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Fireworks show donations sought

The countdown is on, as time ticks away until Independence Day and the annual Atchison Community Fireworks Show at Warnock Lake.

It is never too late to contribute to the show; the show is scheduled for after dark on Thursday, July 4, with a backup date of Friday, July 5. As of June 21, about $5,000 had been raised for the fireworks show, with a goal of $9,000 to ensure a coverage of all expenses.

All donor amounts large or small are welcome. Supporters can bring their loose change, currency or check throughout the workweek between the hours of 9 a.m. to 3 p.m. to the Atchison Globe office, 308 Commercial Street or during business hours at Hundley Insurance, 1401 Main Street.

Supporters who contribute $250 or more are eligible to have their photo taken with their check. The photograph will appear on a special page of sponsors in the Wednesday, July 10, Atchison Globe edition. Atchison Lions Club members are contacting local businesses to generate support for this celebration of our nation’s birth.

Authorities encourage all to have a safe and happy Fourth of July holiday. However, to ensure public safety, there are some restrictions that will be in place in the area.

Atchison Police Chief Mike Wilson said his department has assigned a significant number of officers to ensure public safety during the display at Warnock Lake. Traffic will be allowed to all areas of the park until 20 minutes before the show. At that point, until the display is over, both pedestrian and vehicle traffic will be prohibited throughout the dam area.

Handicap parking will be provided on the southeast side of the sake, and all parking will be prohibited on 274th Rd. between Phillips Road and Rawlins Road. Officers will direct traffic out of the park once the fireworks display has concluded. For more information, contact the Atchison Police Department at 913-367-5525.

Atchison Police Department officers will be in position during the evening throughout the Warnock Lake grounds for crowd and traffic control. Event goers are urged to watch for barricades adjacent to the dam along the north side of the lake because it is a restricted area to accommodate Dave Hundley and his son, Bryce Hundley, both licensed pyrotechnicians, and their crew.

The Hundleys are Lions Club members. Atchison Lions Club members originated the community fireworks event 67 years ago, and the Lions Club continues to sponsor the event.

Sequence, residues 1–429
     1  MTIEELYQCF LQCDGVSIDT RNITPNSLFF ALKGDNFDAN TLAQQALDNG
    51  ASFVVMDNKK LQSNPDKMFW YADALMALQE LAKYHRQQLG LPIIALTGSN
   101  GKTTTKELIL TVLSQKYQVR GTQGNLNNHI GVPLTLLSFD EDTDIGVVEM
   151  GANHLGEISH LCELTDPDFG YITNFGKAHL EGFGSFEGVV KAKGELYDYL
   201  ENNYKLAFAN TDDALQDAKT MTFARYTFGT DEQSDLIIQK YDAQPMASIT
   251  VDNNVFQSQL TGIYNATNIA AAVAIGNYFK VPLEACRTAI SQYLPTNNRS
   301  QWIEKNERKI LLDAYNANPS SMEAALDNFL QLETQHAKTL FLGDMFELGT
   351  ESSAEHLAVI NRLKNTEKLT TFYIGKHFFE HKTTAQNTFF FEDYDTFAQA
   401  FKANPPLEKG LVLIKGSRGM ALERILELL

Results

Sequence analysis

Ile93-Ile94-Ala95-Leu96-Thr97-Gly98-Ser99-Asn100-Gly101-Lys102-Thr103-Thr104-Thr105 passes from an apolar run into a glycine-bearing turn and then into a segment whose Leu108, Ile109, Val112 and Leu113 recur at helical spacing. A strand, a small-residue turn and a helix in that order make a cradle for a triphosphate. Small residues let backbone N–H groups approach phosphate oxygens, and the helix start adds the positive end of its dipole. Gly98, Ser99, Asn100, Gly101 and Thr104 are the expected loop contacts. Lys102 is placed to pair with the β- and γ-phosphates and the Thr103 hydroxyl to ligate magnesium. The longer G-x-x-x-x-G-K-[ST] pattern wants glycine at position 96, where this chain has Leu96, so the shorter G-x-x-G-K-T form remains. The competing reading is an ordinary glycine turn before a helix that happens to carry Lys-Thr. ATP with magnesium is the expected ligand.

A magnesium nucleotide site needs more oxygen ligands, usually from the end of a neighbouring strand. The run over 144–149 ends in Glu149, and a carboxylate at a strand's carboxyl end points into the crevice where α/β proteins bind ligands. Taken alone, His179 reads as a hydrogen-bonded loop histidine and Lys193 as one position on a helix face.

From the top of the dam, the Hundleys and crew members will set off more than 2,500 shells that will include 96 floating mines atop the lake water to dazzle the audience.

Bryce Hundley said he is grateful to all who have shown their support to make the annual event possible.

Atchison Globe invites shutterbugs present during festivities at Warnock Lake to electronically submit their photographic images of the event.

The deadline for submission is 1 p.m. Friday, July 5. Send images to The selected suitable images along with bragging rights, will appear in the post-coverage feature in the Saturday, July 7, edition of Atchison Globe.

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Kansas leader talks rural growth

WATHENA — A Kansas leader is on a tour to assure constituents and businesses that he won’t approach their needs with a “Let them eat cake” attitude.

Visiting Marie Antoinette’s Gluten Free Bake Shoppe and the Dairy Barn family restaurant on Thursday afternoon in Wathena, Lt. Gov. Lynn Rogers emphasized how the Democratic-led administration of Gov. Laura Kelly wants to dispel the notion that the state government cares only for Topeka, Johnson County and other high-population communities.

“For both Gov. Kelly and myself, that’s really important. We want to be out in the country and on a regular basis,” Rogers said. “Every time we hear a suggestion, we’ll have some staff look into that.”

Marie Antoinette’s owner Rani Navarro-Force said she believes that the first thing the state government should do is pave roads through bureaucracy toward business growth in local communities.

However, breaking into new markets and operating multiple tiers of her business imposes what Navarro-Force regards as imposing regulatory requirements and fees, some adding up to tens of thousands of dollars per year. Navarro-Force urged Rogers to sponsor state financial incentives that can assist with such burdens.

“That would be a great help, you know, with the state if they could actually provide the resources that we need in order to fulfill the obligations that the state requires,” she said.

At the Atchison Event Center, the state government called together focus groups led by employees from the Office of Rural Prosperity, to help determine what local constituents believe is their ideal of a successful community. The focus groups wrote down their ideas on easels and gave presentations on policies the state government should pursue.

As might be expected, leading issues proved to be helping less-advantaged residents afford housing, education and health care. The Democratic-led Kelly administration, since taking office in January, has actively sought to pass Medicaid expansion under the auspices of the U.S. Patient Protection and Affordable Care Act, better known as Obamacare. Thus far, the Republican-dominated Legislature has declined to play ball.

If Medicaid expansion could happen, focus group participant Stevie Durkin said, it would make a big difference, to the tune of millions of dollars in guaranteed revenue for regional health services.

“Because so many people are uninsured,” said Durkin, executive director of the Atchison Community Health Clinic. “So what we would love to see is an enhanced effort to kind of increase funding for community health centers so we can take care of people, regardless of their ability to pay.”

USD 409 to meet to close fiscal year

USD 409 Board of Education members plan to gather for a high noon special meeting later this week at to take care of a few business items before the close its fiscal year.

The meeting is scheduled for 12 p.m. Thursday, June 27 in the community room at the 409 Board Office, 626 Commercial St.

Board members expect to:

Make payments on warrants as listed for the Sunday, June 30 fiscal year-end as wells as review credit card summaries for the month of June.

Accept a Juvenile Justice Authority Grant award in the amount of more than $20,211. Atchison County supports the JJA program in the amount of $5,600 and 409 supports the program with more than $13,188.

Approve the transfer of funds subject to the final June reconciliation.

Approve to void outstanding checks that are 24 months or older.